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Little Shops With Big Impact

Los Angeles' indie boutiques favor local talent over big names, popularizing an eclectic West Coast look.


There wasn't a drop of bubbly for the tattooed crowd, no live models, either--just vodka cranberry cocktails served in plastic cups and a strange film running on a loop with image after image of people knocking on doors. There were freebies--copies of Vogue magazine--until they were commandeered by a mousy guerrilla artist, who defaced each and every Britney Spears cover with stickers that read, "Envy Me Loser," "Fantasy With Purchase" and "Style Beyond Your Reach."

This wasn't your typical in-store fashion event, but Los Feliz's Aero & Co. isn't your typical store. Neither are Show Pony, LaborFruit, Blest or Beige. They are part of a new generation of indie boutiques helping to nurture local design talent and popularize the one-of-a-kind, neo-Bohemian looks that have come to define West Coast hip at this moment.

The cranberry-soaked carouse was actually a trunk show for designers Katy Rodriguez, 32, and Mark Haddawy, 33. The owners of the popular Resurrection vintage stores on Melrose Avenue and in New York's East Village debuted their own line at well-established Henri Bendel in Manhattan last year. But when it was time to introduce it here, they approached Aero. They thought the well-edited shop was just the place for their quirky felt coats and handbags, emblazoned with an abstract tartan created by artist friend Raymond Pettibon.

Los Angeles Times Tuesday November 13, 2001 Home Edition Part A Part A Page 2 A2 Desk 1 inches; 24 words Type of Material: Correction
Sirens & Sailors--A story in the Nov. 2 Southern California Living section about boutiques erroneously called a store Sailors & Sirens. The correct name is Sirens & Sailors.

"[Aero] has a fresh approach. You don't have to have been in this magazine or that one to be here, unlike stores in New York," said Rodriguez, dressed in one of her own designs, a gray cowl-neck dress trimmed in Pettibon plaid. "It's not all about the brand."

Cynthia Vincent, 34, a designer herself, and Alisa Loftin, 33, opened the shop two years ago to feature talent they felt wasn't getting its due. At the same time, they formed the Coalition of Los Angeles Designers, a support group of sorts that has now turned into a nonprofit that organizes charity events and fashion shows, including one during L.A. Fashion Week, which began Thursday.

"The idea was to help designers who didn't have a voice. There were people doing amazing things here and selling them to their friends," said Vincent. Just off Vermont Avenue in an airy space that could just as well be an art gallery, the store was among the first to feature the lines of newcomers such as Magda Berliner, Ina Celaya and Grant Krajecki. A few are now selling their lines to stores such Barneys New York.

New York's signature stores are the old line Bergdorf Goodman, Saks Fifth Avenue and Bloomingdale's. L.A.'s: Fred Segal, Maxfield and American Rag; and, in the past, JAX and Giorgio Beverly Hills. Small stores have long been arbiters of chic here by being the first to take on unknowns such as Rudi Gernreich, Hard Candy Cosmetics and Earl Jeans.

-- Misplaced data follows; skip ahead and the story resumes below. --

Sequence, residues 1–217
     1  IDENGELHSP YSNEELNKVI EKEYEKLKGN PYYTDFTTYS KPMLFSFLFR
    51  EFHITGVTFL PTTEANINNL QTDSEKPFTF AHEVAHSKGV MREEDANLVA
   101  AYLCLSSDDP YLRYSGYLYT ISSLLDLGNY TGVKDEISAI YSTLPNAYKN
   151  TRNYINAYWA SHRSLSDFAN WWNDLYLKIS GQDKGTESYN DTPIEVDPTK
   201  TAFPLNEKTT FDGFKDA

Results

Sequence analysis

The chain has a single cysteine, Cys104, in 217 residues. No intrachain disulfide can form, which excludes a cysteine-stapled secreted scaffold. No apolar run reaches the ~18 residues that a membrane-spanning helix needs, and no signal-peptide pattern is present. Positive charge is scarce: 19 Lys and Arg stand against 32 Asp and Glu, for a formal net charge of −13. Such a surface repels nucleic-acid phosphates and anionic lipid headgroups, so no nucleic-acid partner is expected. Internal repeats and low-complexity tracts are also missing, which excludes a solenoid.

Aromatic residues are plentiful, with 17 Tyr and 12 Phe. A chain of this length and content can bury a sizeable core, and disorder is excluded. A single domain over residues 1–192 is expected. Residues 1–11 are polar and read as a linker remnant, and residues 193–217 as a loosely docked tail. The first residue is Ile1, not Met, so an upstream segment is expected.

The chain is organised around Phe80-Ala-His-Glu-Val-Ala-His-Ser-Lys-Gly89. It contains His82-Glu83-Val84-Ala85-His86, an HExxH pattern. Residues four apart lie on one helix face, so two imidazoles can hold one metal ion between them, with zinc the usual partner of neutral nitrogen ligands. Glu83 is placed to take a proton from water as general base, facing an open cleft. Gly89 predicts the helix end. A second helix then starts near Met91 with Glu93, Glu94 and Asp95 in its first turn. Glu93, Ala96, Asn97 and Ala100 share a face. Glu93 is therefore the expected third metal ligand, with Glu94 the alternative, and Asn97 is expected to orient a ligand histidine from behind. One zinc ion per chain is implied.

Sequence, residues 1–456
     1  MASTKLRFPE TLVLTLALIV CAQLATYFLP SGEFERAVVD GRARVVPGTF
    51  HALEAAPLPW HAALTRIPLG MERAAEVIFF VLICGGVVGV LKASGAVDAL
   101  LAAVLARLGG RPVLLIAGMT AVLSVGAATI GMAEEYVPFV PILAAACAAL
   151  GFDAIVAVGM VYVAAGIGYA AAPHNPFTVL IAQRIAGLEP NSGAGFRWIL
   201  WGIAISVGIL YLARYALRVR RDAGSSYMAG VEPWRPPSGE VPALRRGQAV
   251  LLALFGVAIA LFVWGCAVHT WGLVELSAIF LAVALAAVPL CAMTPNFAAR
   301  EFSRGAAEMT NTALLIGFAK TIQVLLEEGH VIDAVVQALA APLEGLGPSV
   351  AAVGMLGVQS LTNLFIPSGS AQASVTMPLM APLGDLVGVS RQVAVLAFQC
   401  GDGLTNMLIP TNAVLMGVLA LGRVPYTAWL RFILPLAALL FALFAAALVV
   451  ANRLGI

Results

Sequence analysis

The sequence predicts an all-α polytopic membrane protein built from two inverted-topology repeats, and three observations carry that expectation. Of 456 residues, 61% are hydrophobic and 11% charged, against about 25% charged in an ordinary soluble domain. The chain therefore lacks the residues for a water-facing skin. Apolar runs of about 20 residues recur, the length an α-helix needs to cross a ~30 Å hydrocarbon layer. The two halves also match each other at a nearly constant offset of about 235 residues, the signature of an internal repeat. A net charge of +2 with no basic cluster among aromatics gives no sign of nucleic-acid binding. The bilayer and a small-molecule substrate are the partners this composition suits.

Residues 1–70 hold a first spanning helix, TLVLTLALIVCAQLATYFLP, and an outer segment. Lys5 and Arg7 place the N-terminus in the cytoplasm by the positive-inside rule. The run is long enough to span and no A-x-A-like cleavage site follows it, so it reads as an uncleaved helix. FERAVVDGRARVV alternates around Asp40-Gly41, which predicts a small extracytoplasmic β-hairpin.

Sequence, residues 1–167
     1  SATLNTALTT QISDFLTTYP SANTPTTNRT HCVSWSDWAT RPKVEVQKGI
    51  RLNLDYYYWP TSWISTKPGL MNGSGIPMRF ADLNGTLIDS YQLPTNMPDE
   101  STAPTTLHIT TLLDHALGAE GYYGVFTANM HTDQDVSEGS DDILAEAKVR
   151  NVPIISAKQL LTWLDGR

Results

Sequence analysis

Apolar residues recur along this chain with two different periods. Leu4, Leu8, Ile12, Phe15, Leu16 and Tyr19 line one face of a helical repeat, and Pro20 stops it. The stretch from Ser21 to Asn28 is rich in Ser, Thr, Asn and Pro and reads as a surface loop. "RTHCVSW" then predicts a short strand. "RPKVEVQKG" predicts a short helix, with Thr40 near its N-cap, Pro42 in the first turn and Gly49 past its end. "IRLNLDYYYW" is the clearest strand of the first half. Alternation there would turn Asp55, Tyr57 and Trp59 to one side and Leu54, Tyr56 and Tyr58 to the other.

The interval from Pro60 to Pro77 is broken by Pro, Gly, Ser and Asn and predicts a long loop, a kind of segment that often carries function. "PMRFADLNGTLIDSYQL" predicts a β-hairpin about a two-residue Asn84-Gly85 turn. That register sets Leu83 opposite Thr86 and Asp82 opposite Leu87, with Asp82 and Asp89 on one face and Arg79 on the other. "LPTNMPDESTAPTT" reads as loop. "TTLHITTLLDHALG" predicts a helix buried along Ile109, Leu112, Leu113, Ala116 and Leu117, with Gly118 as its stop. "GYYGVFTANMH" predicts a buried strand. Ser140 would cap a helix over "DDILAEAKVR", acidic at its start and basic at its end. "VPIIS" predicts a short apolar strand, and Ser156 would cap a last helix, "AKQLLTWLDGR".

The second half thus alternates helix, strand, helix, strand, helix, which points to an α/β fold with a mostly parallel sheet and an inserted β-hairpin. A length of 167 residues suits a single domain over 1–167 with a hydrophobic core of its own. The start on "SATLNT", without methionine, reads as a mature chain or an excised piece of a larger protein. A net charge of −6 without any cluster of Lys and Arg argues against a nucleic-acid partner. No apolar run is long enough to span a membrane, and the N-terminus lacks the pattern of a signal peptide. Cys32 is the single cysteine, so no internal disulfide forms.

"I have always considered New York a department store city and L.A. a boutique city," said Marylou Luther, a syndicated fashion columnist who was The Times' fashion editor from 1969 to 1985. The distinction "reflects the personalities of the two places. Small shops work in L.A. because it is so spread out."

Like their predecessors, new-generation stores have a point of view. But being the first to bring the latest international designers to L.A. isn't what they're about. It's home-grown talent, now enjoying a boost from fashion's seemingly insatiable thirst for individualistic looks. You've never heard of the designer names these stores feature, but that's the point. "People are interested in wearing anonymous-looking dresses," said Marlien Rentmeester, West Coast editor of Conde Nast's shopping magazine Lucky. "Storekeepers know that, so they are stocking unknown designers."

L.A. offers designers affordable places to live and work, not to mention the possibility of celebrity dressing. Fashion week here has yet to become a world class event, but boutiques--some owned by the designers themselves--have helped L.A. gain clout and local names gain recognition in magazines such as Elle, Harper's Bazaar, Vogue and W.

They have served as de facto showrooms for designers. Because boutiques don't make huge seasonal buys, designers may deliver pieces throughout the year. And their ideas are not limited by shipping dates.

"I've seen people from bigger stores come in to look at what direction we're headed so they can play off of it," said Christina Carey, 24, who owns Blest with knitwear designer Liz Khader. The Hollywood spot is part Zen tranquillity (the dressing room is bounded by shoji screens), part skull-and-crossbones punk rock. It's just steps away from Beauty Bar and open late.

"People love that they can come shop after a few cocktails," said Carey, a club scene regular. There's a line of deconstructed Blest T-shirts for sale (Courtney Love nabbed a few, Carey offered), men's and women's shredded button-down shirts by local label Ynubb, fingerless gloves by Relish with "Rotten" spelled out on them, hand-painted toilet seats and other must-haves.


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